David Brooks & Dilbert come out as Collusion Skeptics An investigation of an investigation is not an investigation at all.

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Jun 21, 2017 No Comments ›› admin

By Lynn Woolley

I’m not saying that the moderate columnist for the New York Times – and Scott Adams, the creator of Dilbert collaborated. I’m just saying that they seemed to be on the same wavelength this week.

Scott Adams (Photo: Ben Margot, Associated Press)

Dilbert had already been on a collision course with his pointy-haired boss over a software project, when Brooks came out with a column ridiculing the notion of Trump Campaign collusion with the Russians.

Dilbert’s boss accused him of colluding with Elbonian competitors and Dogbert accused him of obstructing justice.

Over in the real world, Brooks was saying that the current inquiry by special counsel Robert Mueller has become an investigation about the investigation.

In the comic strip, Dilbert proclaims his innocence and is accused of obstruction. In the newspaper column, Brooks says the “politics of scandal” is driving a wedge through society.

Brooks said in his column what Scott Adams said in three panels.

Adams has a way with words. Three panels. Four word balloons. And if Robert Mueller read the strip, he should be concerned. Adams, through Dilbert, nailed what Mueller is likely to do. In the first panel, there’s the set-up. The second panel is the fake investigation; the third panel illustrates what Brooks called “an investigation about itself.”

I typically am lukewarm on Brooks. But this column is right on.

I was a newly minted talk show host during the Clinton administration and I did hours of radio talk about all the Clinton investigations – starting with Whitewater. Did I, and others, overdo it? Brooks was op-ed editor at the Wall Street Journal at the time, and he reflected on the amount of ink spilled on Whitewater and compared it to this latest “scandal.”

In retrospect Whitewater seems overblown. And yet it has to be confessed that, at least so far, the Whitewater scandal was far more substantive than the Russia-collusion scandal now gripping Washington.

Failing a big revelation that we don’t yet see, Brooks thinks the current situation is out of hand. It has become a textbook case – a caricature – of special counsels that may not even be needed due to the absence of an original crime.

This is, as Yuval Levin put it, an investigation about itself.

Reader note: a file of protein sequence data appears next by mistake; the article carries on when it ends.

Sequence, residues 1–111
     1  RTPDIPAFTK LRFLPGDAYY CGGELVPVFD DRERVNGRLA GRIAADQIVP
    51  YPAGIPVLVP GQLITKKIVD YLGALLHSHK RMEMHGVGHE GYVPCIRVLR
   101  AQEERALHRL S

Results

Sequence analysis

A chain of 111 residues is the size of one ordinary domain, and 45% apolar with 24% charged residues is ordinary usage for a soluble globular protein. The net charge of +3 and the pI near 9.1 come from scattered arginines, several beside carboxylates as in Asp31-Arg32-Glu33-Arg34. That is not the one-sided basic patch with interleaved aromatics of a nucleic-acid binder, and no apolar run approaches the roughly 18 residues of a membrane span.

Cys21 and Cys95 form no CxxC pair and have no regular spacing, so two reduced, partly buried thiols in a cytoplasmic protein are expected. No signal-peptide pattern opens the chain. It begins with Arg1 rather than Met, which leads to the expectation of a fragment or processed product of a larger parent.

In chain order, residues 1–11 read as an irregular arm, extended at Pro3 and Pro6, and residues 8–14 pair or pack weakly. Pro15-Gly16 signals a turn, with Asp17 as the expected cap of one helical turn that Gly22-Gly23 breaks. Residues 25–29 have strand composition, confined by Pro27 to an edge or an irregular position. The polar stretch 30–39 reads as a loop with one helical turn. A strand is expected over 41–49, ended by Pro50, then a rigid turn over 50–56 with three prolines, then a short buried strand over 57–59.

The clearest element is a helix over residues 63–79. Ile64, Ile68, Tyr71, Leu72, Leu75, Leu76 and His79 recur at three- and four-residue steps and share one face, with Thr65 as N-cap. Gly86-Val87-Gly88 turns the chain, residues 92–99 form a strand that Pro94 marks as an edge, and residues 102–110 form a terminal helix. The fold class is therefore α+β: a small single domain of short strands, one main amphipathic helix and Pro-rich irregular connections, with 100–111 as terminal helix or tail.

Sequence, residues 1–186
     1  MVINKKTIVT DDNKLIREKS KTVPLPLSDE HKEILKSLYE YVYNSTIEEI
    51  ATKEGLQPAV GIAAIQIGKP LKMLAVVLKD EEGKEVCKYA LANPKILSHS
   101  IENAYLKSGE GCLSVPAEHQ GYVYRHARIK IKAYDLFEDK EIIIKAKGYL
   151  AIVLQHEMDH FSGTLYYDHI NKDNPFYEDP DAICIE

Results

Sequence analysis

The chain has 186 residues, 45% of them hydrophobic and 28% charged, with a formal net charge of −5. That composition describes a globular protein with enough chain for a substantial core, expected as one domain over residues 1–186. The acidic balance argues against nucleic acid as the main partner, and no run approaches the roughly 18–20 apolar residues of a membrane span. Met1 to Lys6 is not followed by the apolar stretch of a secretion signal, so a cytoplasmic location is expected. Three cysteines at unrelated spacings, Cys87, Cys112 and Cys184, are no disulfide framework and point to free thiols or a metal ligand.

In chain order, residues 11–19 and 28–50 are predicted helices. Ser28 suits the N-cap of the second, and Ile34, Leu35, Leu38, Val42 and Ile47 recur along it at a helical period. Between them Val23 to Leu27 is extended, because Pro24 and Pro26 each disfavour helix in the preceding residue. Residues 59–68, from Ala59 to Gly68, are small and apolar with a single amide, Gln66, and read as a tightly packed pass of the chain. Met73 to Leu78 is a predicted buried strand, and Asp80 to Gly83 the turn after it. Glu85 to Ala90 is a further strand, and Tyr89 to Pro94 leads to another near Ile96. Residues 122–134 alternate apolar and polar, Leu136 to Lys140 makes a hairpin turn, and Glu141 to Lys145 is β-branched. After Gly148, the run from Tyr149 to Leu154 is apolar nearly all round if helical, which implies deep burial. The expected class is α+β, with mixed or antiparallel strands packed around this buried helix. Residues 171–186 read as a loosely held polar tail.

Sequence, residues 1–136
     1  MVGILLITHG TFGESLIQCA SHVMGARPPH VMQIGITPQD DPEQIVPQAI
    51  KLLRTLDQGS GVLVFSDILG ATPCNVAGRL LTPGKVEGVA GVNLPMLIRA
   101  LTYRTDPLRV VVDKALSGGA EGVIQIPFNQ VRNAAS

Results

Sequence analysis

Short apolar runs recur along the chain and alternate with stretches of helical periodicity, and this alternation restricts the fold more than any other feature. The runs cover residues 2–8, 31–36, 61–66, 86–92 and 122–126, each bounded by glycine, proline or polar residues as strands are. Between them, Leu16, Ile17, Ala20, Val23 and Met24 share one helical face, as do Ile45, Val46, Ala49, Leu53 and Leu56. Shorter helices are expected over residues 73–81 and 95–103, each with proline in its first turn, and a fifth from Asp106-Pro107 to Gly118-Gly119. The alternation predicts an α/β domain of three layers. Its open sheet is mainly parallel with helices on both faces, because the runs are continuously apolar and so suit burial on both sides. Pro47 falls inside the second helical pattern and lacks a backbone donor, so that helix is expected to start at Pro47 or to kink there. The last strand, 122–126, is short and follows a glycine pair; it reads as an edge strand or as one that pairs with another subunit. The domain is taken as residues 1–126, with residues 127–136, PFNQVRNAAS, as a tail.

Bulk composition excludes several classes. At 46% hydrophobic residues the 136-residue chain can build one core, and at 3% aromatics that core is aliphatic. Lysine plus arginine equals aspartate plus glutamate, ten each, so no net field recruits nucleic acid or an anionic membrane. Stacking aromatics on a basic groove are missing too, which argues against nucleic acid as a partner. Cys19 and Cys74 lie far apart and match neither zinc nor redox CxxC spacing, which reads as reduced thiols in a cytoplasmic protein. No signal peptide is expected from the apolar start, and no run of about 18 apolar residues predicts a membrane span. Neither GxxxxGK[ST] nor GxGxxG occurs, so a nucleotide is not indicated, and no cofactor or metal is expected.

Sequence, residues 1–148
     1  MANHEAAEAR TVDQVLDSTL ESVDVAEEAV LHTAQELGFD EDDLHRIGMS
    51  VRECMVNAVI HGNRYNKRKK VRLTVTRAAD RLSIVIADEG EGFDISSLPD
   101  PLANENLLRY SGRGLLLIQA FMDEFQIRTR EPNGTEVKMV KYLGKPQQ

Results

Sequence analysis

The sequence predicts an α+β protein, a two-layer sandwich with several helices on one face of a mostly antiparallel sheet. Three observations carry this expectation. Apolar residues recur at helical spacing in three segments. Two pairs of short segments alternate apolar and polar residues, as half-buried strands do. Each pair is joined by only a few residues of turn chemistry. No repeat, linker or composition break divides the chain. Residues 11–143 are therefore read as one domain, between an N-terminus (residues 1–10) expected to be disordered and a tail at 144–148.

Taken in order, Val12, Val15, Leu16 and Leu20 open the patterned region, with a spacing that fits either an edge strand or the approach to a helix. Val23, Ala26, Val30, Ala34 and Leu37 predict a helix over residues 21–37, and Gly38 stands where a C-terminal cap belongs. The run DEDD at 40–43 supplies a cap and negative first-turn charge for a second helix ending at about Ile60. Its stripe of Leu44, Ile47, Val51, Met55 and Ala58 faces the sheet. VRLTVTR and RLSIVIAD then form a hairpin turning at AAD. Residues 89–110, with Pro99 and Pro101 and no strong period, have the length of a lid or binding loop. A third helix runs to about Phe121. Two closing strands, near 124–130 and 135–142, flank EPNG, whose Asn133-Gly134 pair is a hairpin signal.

What Levin and Brooks are saying is that without there really doesn’t seem to be anything to investigate – except Trump’s responses to the investigation. If he hadn’t fired Comey, and if he hadn’t blown up the twitterverse – there would be nothing to look into.

But Brooks goes a bit further with his disdain for the entire affair.

David Brooks of the New York Times

There’s just something worrisome every time we find ourselves replacing politics of democracy with the politics of scandal. In democracy, the issues count, and you try to win by persuasion. You recognize that your opponents are legitimate, that they will always be there and that some form of compromise is inevitable.

His point is not arguable. Perhaps Republicans did this during the Clinton years. Democrats are certainly doing it now. The entire strategy of the Dems in Congress is to block the Trump agenda – some of which, like deregulation, have already been accomplished and are having excellent results in the marketplace.

Finally, Brooks dumps on cable news – likely with CNN and MSNBC in mind:

The politics of scandal is delightful for cable news. It’s hard to build ratings arguing about health insurance legislation. But it’s easy to build ratings if you are a glorified Court TV, if each whiff of scandal smoke generates hours of “Breaking News” intensity and a deluge of speculation from good-looking former prosecutors.

MSNBC is an openly left-wing network. They do what they do and few people who disagree tune in. CNN is another story, openly Trump-hating and biased while claiming the mantle of trusted new source. “Russian Collusion” has become their latest obsession. Brooks nailed them and rightfully so.

It’s time for Robert Mueller to take a page from Dilbert and David Brooks.

An investigation of an investigation is not an investigation at all. End it. We have a country to run.

lynn@BeLogical.com

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